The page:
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In this post, I discuss the anti-lapse statute, how it affects a bequest to someone who predeceases you, and how it can save an impossible will provision.

anti-lapse statute

Last Will And Testament by Ken Mayer is licensed under CC 2.0

At common law, a bequest could lapse. This meant that if your will specified that a portion of your property was to be left to an individual that ultimately predeceased you, that bequest would fail and revert back to your estate. It would then be disposed of according to your will’s instructions for your residuary estate, or, if your will did not include a provision disposing of your residuary estate, that bequeath would pass as it would have had you died without a will.

Arkansas’s anti-lapse statute, however, seeks to save the bequest. The anti-lapse statute, as the name suggests, provides that a bequest in most circumstances cannot lapse. So, if the will does not specify what should happen if the beneficiary of a bequest predeceased the testator, rather than reverting back to the testator’s estate, it will generally pass to the beneficiary’s heirs. This effectively “saves” the bequest.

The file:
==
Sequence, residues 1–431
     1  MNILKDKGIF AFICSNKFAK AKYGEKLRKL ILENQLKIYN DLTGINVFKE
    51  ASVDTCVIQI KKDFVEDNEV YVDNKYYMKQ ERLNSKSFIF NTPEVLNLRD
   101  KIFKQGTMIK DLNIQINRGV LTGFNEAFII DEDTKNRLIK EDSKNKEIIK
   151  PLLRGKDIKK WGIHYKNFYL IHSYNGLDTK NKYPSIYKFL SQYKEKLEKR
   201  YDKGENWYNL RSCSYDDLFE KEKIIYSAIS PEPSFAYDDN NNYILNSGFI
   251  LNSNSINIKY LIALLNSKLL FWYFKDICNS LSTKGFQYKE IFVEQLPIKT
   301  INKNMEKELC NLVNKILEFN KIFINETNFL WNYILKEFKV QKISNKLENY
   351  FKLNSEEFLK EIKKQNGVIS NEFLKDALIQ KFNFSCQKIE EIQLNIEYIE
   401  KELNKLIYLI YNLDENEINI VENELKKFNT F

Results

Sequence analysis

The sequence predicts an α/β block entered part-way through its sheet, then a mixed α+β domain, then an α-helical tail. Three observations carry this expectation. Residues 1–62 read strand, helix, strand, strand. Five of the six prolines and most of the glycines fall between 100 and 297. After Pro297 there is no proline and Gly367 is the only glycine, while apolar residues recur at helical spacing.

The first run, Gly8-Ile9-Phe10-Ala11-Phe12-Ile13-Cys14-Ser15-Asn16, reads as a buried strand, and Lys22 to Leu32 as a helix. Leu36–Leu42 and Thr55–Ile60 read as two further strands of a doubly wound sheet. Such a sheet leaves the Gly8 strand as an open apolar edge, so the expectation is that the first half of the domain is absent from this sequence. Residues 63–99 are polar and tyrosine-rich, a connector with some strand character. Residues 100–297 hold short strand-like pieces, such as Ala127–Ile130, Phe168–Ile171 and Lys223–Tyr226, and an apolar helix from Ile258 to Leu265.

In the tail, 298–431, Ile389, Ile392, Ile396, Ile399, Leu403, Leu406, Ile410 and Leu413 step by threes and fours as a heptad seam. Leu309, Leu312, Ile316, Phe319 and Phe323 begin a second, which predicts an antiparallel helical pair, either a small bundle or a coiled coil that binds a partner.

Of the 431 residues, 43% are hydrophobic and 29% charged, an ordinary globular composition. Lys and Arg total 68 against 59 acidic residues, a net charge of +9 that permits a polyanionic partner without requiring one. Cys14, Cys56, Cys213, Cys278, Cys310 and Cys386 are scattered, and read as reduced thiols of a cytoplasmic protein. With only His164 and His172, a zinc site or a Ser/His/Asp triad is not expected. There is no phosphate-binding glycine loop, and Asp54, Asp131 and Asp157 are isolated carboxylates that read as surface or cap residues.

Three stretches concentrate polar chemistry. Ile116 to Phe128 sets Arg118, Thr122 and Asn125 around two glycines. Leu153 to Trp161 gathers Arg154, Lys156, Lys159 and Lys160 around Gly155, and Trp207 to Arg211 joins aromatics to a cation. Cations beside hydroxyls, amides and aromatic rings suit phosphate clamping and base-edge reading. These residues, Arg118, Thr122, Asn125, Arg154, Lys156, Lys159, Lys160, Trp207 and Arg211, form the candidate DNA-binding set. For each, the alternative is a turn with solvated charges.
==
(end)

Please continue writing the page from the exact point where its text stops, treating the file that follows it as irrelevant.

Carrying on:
So, for example, say you stated in your will that your son was to inherit your baseball card collection and your brother was to inherit the residue of your estate. If your son dies and you fail to update your will, under common law, your bequest to your son would lapse, bringing your baseball card collection into your residuary estate. Since your brother is the beneficiary of the residue of your estate, he would inherit the baseball card collection. Under the anti-lapse statute, however, your son’s heirs would inherit the baseball card collection, not your brother.

As an important note, Arkansas’s anti-lapse statute only saves bequests to the testator’s descendant. Gifts to non-descendants, such as brothers, cousins, or friends, will pass to the residuary estate.

The existence of the anti-lapse statute will most likely be a moot point if you plan properly. A carefully drafted will should provide for contingent beneficiaries, giving instructions as to what should happen to any bequests in the event the beneficiary predeceases you. Should you so desire, you can even direct in your will that the anti-lapse statute should not apply.

See Also:

When an Heir Predeceases the Testator

How Property Changes Can Affect Your Kids’ Inheritance


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